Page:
Hilbert Israel Schotz was a voracious reader, storyteller and a one-time candidate for State Assembly who ran a scrappy, grassroots campaign out of his own pocket against an established Republican incumbent.

"It was a real shoestring budget, he did everything," said Schotz's son, Andrew Schotz, of Thurmont, Md. "His bedroom was his office."

The 1990 Democratic candidate for the 7th Assembly District, the leader of what he called the "98-cent campaign," was unsuccessful in his bid for public office against then-Assemb. Thomas Barraga, but he is remembered for his dedication to doing the right thing, family members said, and for the lives he touched as a school librarian and social worker. The West Islip man died Dec. 29 at Good Samaritan Hospital Medical Center after being hospitalized for a respiratory illness. He was 81.

"Bert" Schotz was born in Syracuse to Abraham and Esther Schotz. He graduated from William Nottingham High School in Syracuse in 1951 and received his bachelor of arts degree from Syracuse University's College of Arts and Sciences in 1954.

Schotz was a social worker for Onondaga County Department of Social Services when he met Elenore Adasse in 1958 at a conference at Cornell University. She lived on a farm in Central Islip; soon, he left Syracuse and joined her on Long Island. They were married at the Bay Shore Jewish Center in 1958, and moved in the early 1960s to West Islip, where they raised their three children.

Schotz left his job with Suffolk County in 1967. That year, he earned a master of science degree in library science from Long Island University's C.W. Post Campus.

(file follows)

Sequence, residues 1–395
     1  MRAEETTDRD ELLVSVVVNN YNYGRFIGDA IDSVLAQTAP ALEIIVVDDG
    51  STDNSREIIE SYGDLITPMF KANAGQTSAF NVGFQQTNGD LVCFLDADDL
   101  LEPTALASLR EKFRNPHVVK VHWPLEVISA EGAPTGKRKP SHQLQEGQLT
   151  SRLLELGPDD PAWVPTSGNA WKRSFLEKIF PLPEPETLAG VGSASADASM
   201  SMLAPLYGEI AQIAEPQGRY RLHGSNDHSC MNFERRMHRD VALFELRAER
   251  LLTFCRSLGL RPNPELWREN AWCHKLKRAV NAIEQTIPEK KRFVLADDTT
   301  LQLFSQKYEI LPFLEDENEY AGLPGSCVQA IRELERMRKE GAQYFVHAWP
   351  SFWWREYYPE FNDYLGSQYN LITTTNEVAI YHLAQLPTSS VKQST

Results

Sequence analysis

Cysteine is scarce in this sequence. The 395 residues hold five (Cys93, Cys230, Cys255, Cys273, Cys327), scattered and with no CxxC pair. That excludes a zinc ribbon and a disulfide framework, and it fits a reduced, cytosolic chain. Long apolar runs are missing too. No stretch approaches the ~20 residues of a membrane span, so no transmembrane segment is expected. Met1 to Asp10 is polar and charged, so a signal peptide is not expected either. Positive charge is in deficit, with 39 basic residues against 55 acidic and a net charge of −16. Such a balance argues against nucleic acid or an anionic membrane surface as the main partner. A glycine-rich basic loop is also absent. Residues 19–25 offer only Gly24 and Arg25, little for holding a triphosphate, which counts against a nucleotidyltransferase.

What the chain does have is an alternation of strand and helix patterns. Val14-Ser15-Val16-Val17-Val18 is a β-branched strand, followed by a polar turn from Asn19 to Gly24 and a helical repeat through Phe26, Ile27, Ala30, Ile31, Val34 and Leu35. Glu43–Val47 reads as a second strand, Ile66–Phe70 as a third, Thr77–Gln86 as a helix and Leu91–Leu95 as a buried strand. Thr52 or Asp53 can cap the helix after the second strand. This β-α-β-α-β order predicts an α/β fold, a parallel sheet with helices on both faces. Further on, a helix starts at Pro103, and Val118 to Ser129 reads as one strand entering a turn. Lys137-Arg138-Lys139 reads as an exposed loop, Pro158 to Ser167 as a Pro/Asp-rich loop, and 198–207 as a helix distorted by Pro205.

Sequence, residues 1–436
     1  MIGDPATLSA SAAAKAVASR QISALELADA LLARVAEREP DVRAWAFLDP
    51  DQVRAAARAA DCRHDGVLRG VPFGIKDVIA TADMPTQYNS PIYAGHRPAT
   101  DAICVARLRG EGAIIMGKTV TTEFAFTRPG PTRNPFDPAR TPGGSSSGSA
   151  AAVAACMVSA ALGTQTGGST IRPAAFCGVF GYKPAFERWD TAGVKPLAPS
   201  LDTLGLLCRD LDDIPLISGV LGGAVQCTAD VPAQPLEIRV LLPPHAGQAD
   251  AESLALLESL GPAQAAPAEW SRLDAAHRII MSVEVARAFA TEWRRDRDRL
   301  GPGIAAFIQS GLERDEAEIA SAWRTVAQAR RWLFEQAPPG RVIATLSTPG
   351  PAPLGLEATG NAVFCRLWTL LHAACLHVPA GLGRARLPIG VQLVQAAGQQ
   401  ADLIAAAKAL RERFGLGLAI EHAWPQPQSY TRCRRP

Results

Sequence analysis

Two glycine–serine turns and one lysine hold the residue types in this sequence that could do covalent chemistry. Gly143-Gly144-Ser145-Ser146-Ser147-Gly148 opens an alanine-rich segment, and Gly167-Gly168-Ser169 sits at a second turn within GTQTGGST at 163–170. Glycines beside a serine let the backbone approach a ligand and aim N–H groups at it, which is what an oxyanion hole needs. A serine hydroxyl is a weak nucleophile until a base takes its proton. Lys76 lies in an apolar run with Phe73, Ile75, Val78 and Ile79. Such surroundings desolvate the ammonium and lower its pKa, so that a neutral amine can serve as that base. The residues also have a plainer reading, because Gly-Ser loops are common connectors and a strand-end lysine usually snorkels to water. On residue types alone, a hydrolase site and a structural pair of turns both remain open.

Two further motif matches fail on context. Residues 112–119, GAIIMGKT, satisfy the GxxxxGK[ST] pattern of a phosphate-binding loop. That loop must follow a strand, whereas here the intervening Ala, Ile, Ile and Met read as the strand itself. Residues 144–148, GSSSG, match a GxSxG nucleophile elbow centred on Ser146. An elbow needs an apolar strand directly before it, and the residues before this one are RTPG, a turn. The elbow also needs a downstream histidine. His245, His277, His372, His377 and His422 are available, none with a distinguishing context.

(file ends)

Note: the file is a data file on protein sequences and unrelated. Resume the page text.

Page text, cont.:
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From the late '60s until retiring in 1986, he was a librarian at what is now Ronkonkoma Middle School. He passed his love of books on to his children.

His daughter Leslie Schotz of Bay Shore, rabbi at the Bay Shore Jewish Center, said her father's dedication to equal rights for women was empowering.

Both of Bert Schotz's grandfathers were rabbis, Leslie Schotz said, and Bert and Elenore were both ardent feminists. "So when my father was talking about the rabbis in the family, it seemed quite logical that girls could do it," she said.

Schotz's son, Andrew, said their father wanted to change things for the better. "He wasn't afraid to speak up when he thought something was wrong," Andrew Schotz said.

Schotz is also survived by daughter Isabelle Foreman of Ellicott City, Md.; a younger sister, Edith Hoffman of DeBary, Fla.; and a grandson.

After a Jan. 2 funeral at the Bay Shore Jewish Center, burial was at Oakwood Cemetery in Bay Shore.